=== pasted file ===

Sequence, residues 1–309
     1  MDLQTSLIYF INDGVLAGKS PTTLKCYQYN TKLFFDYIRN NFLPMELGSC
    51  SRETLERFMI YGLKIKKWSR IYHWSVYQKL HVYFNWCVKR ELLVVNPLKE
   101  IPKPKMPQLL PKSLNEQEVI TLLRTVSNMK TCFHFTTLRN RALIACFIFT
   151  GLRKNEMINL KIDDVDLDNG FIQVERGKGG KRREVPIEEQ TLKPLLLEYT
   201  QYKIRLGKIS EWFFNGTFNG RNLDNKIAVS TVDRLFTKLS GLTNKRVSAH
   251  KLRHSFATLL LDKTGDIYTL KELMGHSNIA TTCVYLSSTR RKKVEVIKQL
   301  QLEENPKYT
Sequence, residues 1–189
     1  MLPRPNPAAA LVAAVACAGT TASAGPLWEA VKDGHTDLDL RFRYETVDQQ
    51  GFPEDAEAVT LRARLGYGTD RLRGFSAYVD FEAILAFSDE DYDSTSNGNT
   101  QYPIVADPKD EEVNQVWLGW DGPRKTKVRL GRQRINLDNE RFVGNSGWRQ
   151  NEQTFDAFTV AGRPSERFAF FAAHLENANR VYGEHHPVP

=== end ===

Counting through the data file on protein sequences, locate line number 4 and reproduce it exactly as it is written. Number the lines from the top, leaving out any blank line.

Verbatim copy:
   101  IPKPKMPQLL PKSLNEQEVI TLLRTVSNMK TCFHFTTLRN RALIACFIFT